In my experience, if the objection is due to the typical dislike of change, then simply being persistent and leading by example will win the day. Make it clear that she cannot go out if she does not have a mask, and be gentle but firm, reminding her why it's important - "This mask will protect you from getting sick, and will protect everyone around you from getting sick if you do get sick."
Do be conscious though that it's possible her objection is more specific. Similar to my son's objection to denim, which is likely due to sensory issues, it's very possible that she objects not because of obstinance or dislike of change, but because it is uncomfortable for her. As such, try to work out ways to make it less uncomfortable. There are different kinds of masks, some of which attach in different ways; for example, for our children we have masks that don't have elastic, but simply are longer pieces of slightly stretchy fabric that have holes cut in the fabric for the ears. Those seem to be somewhat more comfortable; the elastic strands behind the mask are uncomfortable for many.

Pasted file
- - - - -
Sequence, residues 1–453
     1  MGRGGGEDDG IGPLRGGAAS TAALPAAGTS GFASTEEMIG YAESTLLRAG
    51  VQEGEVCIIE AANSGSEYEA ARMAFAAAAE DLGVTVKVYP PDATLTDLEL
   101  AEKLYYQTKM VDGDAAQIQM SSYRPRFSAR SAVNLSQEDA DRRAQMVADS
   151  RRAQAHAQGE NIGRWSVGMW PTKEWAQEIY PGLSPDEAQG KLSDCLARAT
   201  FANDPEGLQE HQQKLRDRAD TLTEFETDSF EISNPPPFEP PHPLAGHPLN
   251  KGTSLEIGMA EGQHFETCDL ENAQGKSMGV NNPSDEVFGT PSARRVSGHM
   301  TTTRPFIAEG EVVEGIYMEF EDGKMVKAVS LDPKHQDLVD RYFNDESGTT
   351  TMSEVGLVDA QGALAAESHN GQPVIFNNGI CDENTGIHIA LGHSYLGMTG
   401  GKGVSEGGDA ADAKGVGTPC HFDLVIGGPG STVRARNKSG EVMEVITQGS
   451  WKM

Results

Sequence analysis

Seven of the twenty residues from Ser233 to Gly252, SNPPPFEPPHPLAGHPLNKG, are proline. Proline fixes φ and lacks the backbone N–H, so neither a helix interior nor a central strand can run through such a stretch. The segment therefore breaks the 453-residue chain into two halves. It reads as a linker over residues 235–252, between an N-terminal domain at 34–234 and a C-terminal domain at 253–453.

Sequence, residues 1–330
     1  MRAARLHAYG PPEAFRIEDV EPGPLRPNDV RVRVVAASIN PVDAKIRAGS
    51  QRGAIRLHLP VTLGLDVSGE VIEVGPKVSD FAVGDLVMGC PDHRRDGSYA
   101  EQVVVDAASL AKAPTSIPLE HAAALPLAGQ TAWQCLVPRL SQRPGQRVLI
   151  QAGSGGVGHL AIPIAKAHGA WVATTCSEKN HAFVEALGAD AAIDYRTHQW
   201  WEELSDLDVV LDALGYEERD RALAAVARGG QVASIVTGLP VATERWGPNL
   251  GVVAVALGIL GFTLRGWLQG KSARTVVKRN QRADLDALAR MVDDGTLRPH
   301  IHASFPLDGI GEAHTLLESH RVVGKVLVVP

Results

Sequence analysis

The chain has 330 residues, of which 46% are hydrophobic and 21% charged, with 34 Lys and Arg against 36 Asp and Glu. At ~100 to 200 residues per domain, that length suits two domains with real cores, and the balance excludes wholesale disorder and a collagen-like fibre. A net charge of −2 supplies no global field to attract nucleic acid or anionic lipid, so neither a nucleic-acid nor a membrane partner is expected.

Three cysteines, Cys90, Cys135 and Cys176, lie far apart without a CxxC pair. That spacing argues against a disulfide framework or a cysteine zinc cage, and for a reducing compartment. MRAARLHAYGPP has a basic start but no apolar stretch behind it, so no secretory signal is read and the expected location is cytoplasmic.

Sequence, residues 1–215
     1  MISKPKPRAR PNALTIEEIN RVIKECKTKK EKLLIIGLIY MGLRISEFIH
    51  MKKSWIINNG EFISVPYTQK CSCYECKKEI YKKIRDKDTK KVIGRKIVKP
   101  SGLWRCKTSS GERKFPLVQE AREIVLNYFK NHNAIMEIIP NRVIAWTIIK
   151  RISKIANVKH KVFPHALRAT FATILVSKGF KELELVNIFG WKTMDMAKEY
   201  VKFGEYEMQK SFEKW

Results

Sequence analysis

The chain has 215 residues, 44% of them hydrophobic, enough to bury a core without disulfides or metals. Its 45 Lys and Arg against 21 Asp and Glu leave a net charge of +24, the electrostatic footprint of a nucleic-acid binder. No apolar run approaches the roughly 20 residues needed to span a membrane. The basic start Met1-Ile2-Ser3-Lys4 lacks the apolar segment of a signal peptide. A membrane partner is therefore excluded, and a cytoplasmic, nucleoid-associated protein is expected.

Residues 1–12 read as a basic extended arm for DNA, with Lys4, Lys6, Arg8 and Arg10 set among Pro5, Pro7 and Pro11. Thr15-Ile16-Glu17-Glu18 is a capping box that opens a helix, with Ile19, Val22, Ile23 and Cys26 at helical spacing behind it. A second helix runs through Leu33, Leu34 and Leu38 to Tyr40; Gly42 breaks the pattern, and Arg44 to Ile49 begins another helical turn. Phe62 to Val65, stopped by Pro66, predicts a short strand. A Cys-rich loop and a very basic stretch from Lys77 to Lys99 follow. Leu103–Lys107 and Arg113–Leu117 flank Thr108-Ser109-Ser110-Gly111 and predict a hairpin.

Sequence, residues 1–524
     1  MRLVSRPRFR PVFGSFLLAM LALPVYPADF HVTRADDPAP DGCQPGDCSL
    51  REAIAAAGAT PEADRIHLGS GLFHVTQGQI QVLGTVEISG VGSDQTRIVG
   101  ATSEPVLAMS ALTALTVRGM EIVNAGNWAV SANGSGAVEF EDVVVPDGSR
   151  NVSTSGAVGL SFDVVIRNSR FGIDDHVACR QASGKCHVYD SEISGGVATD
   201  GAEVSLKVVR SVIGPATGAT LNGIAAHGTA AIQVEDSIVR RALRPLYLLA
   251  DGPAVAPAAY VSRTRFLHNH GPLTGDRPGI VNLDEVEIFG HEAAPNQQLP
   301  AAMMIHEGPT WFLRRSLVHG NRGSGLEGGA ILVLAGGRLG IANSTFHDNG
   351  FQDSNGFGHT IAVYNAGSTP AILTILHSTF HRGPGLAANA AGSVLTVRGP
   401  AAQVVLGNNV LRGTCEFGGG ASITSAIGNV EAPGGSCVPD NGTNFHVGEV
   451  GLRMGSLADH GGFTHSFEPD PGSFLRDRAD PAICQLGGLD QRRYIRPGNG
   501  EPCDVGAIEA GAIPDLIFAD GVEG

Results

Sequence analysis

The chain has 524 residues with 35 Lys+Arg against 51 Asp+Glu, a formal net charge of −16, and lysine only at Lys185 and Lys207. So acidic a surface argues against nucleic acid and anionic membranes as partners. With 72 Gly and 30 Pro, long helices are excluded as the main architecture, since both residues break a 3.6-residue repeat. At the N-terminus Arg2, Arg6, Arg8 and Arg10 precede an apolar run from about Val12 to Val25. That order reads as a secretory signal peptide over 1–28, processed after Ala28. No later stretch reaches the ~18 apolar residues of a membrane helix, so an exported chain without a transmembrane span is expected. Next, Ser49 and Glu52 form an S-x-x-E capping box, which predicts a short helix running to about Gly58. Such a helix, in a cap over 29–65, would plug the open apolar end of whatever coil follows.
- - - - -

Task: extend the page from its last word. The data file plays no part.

Also consider the shape - she may prefer a rounder mask with more substance to it, for example, that stays away from the mouth and nostril, as opposed to a flat fabric mask that is closer fitting. Both protect effectively (given they are constructed properly), but it may simply require some testing to find what is comfortable for her. Work with her, make it clear you're trying different things, and ask her to try each thing once. Remind her what benefit she's getting - i.e., getting to go play at the park or whatever - and hopefully she will cooperate, at least for a short period of time.
Finally, definitely focus on that last bit: short. Children shouldn't be expected to wear masks for hours at a time. Fifteen minutes is about the most I'd expect at that age. You mention this in your question, so good job thinking of that - but also remind her it will be a short time, as she may not realize that internally (time is hard to comprehend at 3!)